The Dallas Cowboys didn’t waste any time signing Brandon Carr once the 2012 NFL free agent period began this spring. However, some thought the five-year, $50.1 million deal Dallas gave Carr was an overreaction to the Cowboys’ horrific pass defense over the previous two seasons. Through a week and a half of training camp, Carr has been worth every penny.
Most of the secondary attention at Cowboys training camp has been on first-round draft pick Morris Claiborne, who has battled injuries and troubled Dallas receiver Dez Bryant. It seems no one is paying any attention to Carr, who has been arguably the surest thing at Cowboys camp in Oxnard, Cali. No one except Cowboys defensive coordinator Rob Ryan, that is:
“The guy’s got an unbelievable work ethic,” Ryan said. “He was the best player in free agency by far. Not even close. He’s a leader, he helps the other guys around him and he’s a tough kid. We need smart and tough. This guy is not nervous about playing under the big lights. He’s here in Dallas. It’s a different world here. Everything you do is scrutinized. But this guy won’t flinch, I can promise you that.”
Carr hasn’t flinched yet, validating Ryan’s boast. While he remains quiet for the most part, he did say “there won’t be no dancing” for New York Giants receiver Victor Cruz, who celebrates his touchdown receptions with a brief rendition of the salsa. That statement came less than three weeks after Carr was signed by Dallas, but he’s now taking a different approach to the opposition.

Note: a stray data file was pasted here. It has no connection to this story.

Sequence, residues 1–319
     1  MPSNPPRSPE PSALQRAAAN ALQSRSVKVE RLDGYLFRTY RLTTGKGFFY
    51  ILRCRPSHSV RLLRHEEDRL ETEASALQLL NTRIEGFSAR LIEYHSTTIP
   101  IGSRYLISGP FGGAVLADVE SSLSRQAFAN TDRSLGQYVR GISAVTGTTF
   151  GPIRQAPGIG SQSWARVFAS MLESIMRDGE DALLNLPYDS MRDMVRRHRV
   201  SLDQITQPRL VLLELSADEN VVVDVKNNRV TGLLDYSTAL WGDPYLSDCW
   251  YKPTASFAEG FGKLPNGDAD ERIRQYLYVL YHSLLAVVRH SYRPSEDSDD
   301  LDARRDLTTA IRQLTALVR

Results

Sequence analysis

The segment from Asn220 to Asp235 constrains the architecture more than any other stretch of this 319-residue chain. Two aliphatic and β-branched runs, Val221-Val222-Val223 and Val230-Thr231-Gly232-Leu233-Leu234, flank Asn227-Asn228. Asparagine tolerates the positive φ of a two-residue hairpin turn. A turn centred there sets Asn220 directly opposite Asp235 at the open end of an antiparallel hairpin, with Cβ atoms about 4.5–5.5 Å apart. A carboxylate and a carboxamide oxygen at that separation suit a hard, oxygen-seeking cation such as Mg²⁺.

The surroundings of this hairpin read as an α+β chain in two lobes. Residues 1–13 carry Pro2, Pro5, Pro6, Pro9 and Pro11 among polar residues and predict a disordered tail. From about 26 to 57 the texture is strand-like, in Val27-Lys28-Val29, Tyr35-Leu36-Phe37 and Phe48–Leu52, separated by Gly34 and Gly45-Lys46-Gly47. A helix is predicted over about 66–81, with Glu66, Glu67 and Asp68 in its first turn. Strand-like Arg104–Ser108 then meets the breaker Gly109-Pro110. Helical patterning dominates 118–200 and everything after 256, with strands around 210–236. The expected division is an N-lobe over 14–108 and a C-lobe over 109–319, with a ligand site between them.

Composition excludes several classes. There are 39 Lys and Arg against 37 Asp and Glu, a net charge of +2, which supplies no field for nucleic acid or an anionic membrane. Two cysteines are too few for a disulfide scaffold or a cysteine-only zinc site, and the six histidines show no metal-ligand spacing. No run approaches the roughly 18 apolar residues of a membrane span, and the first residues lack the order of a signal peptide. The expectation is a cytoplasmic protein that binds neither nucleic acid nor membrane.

“I don’t really do too much talking,” Carr said. “I feel like you go out there, you shut them down and you let your play do your talking.”
The Cowboys are banking on Carr being a shutdown corner, like the three players around which he molds his game: the Philadelphia Eagles‘ Nnamdi Asomugha, the New York Jets‘ Darrelle Revis and the Denver Broncos‘ Champ Bailey. Carr said he includes himself with those three players in the discussion of the NFL’s best press cornerbacks. Dallas’ young receivers, such as second-year pro Raymond Radway, definitely put Carr in that elite company.
“He’s the cornerback that, for the receivers, is real hard to beat,” Radway said. “Everyone wants to get their plays in with him because, if you can beat Carr, it’s going to be easy on Sunday.”
Carr didn’t shy away from the praise.
“It’s a compliment,” Carr said. “I like to lead by example. So every day I’m going to come in and show these guys how to work and how to practice.”
Carr’s exceptional technique and footwork are showing all Dallas players there’s more to practicing than just pushing their bodies to their physical limits. The mental toughness Carr displays on a daily basis in invaluable for a team like Dallas that has caved in critical moments in recent years due to a lack of that coveted trait.
Cowboys quarterback Tony Romo has also been impressed by Carr and praised his new teammate for an exceptional interception in practice against Bryant.
“He got inside on a coverage that he really shouldn’t,” Romo said. “So I’m excited about that. If he can get there and do things like that, that’s going to help us a lot.”
If he plays like he practices, Carr might be the foundation on which Dallas builds a strong NFL defense in the foreseeable future.